According to an article in Training Industry Quarterly, “it takes at least 1 to 2 years before an employee is fully productive.” Employees need training and time to figure out how to do their jobs right. Therefore, the next assessment must take place after this period has passed.
At this stage, a leadership skill assessment test can ensure that employees are willing to grow and take on further responsibilities in the organization. You can assess leadership skills by analyzing performance reviews from an employee’s superiors and team members that could share insights on how their colleague is coping with tasks and adapting to the company culture.
Another step in the leadership hierarchy is when an employee becomes a change agent: someone prepared for external challenges and constantly evolving to meet current job market needs. Fred C. Lunenburg, in his article “Managing Change: The Role of the Change Agent,” describes a change agent as “anyone who has the skill and power to stimulate, facilitate, and coordinate the change effort.”
In the production stage, the leaders have started applying their solutions to problems and have been able to produce successful results. At this stage, HR assesses leaders through readiness assessment tests, understanding of company goals, technical skills assessment (in case job roles have become more digitalized), and knowledge assessment tests.
At this stage, employees are supposed to pass all assessments and be responsible to lead a team. However, with continuously evolving work methods, changing stakeholder requirements, and disruptive technologies, leaders must constantly develop new ways to lead with optimum impact and efficiency. Check out our leadership development plan for an outline of the key steps to boost leadership expertise.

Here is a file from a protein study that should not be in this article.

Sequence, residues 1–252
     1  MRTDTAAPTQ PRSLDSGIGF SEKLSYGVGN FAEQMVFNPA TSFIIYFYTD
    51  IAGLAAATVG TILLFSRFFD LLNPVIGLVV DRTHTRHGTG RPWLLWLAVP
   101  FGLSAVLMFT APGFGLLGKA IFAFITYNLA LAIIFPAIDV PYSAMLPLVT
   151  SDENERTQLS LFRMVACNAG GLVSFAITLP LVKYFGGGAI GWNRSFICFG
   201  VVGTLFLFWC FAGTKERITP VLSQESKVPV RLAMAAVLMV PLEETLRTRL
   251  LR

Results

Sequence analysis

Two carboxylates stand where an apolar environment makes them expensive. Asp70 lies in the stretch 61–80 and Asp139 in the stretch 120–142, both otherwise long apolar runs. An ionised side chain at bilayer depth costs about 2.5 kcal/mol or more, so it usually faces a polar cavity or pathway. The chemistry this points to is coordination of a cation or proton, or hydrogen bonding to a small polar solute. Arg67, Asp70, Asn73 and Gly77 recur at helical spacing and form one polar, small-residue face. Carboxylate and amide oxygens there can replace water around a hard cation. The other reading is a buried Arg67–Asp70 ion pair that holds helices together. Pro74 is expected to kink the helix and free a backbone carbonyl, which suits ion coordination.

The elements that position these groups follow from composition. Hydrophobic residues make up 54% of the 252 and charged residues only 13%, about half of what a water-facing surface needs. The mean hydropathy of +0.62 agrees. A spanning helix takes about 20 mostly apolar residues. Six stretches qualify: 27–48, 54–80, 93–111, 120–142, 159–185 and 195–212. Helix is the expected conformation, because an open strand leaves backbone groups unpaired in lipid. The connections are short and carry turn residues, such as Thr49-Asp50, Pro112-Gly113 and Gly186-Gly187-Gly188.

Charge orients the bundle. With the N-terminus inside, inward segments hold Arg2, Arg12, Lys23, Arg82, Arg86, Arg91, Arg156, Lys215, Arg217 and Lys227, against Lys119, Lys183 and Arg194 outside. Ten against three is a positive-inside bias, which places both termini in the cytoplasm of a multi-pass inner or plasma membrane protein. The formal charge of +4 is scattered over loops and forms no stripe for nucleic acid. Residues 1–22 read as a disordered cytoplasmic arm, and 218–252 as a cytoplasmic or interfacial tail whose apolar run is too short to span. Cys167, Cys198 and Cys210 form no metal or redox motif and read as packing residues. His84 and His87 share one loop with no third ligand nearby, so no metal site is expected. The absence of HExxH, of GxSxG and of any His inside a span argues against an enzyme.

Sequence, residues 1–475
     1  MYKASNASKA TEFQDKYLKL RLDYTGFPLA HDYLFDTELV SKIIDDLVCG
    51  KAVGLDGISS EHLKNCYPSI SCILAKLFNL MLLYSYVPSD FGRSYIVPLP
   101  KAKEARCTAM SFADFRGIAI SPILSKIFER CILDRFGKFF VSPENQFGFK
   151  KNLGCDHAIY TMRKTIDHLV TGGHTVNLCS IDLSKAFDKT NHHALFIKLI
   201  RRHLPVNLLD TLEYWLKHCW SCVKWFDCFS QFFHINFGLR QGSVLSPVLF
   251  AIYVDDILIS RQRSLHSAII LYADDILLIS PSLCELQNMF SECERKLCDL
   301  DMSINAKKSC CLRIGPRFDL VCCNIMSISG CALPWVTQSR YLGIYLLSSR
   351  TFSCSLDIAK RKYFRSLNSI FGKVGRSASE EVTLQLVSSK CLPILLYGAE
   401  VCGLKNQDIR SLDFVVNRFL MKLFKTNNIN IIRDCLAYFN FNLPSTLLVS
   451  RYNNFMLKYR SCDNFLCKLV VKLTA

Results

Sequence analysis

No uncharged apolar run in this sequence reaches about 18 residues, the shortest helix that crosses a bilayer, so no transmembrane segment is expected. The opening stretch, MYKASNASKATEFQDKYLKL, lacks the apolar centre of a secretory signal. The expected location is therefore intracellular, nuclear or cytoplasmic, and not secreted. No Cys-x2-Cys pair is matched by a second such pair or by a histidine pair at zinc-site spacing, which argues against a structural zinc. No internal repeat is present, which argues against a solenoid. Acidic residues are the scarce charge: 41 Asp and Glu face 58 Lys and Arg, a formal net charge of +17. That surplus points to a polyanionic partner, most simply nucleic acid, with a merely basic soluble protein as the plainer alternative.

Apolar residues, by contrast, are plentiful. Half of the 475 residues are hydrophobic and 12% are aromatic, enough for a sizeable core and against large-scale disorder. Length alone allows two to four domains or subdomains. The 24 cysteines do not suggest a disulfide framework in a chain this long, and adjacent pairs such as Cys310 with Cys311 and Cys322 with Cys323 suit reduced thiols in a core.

Conduct leadership skill assessment tests by analyzing survey feedback from the team and higher management, conflict management skills, knowledge-sharing abilities, external connections made, and achievement of company goals.
Leaders who have been in the organization for more than 8 to 10 years come in the visionary stage. Visionary leaders demonstrate robust leadership skills and facilitate organizational effectiveness. However, to foster a successful workplace environment, visionary leaders must take an active part in fostering management and leadership skills to improve their abilities and talent for communication and creative thinking.
James Kouzes and Barry Posner’s leadership practices inventory is an example of an efficient leadership skill assessment test.
HR needs to be a driving force in leadership skills development
Even if organizations don’t have immediate obvious issues, it’s important to lay down a strategy to develop leadership in the long term. Nurturing leadership skills starts from screening a prospective candidate and continues through recruitment, onboarding, and developing a retention strategy, all the way to planning leadership succession.
Contact us to learn about how we can help you set up people-centered leadership strategies so you can cultivate efficient leaders in your organization.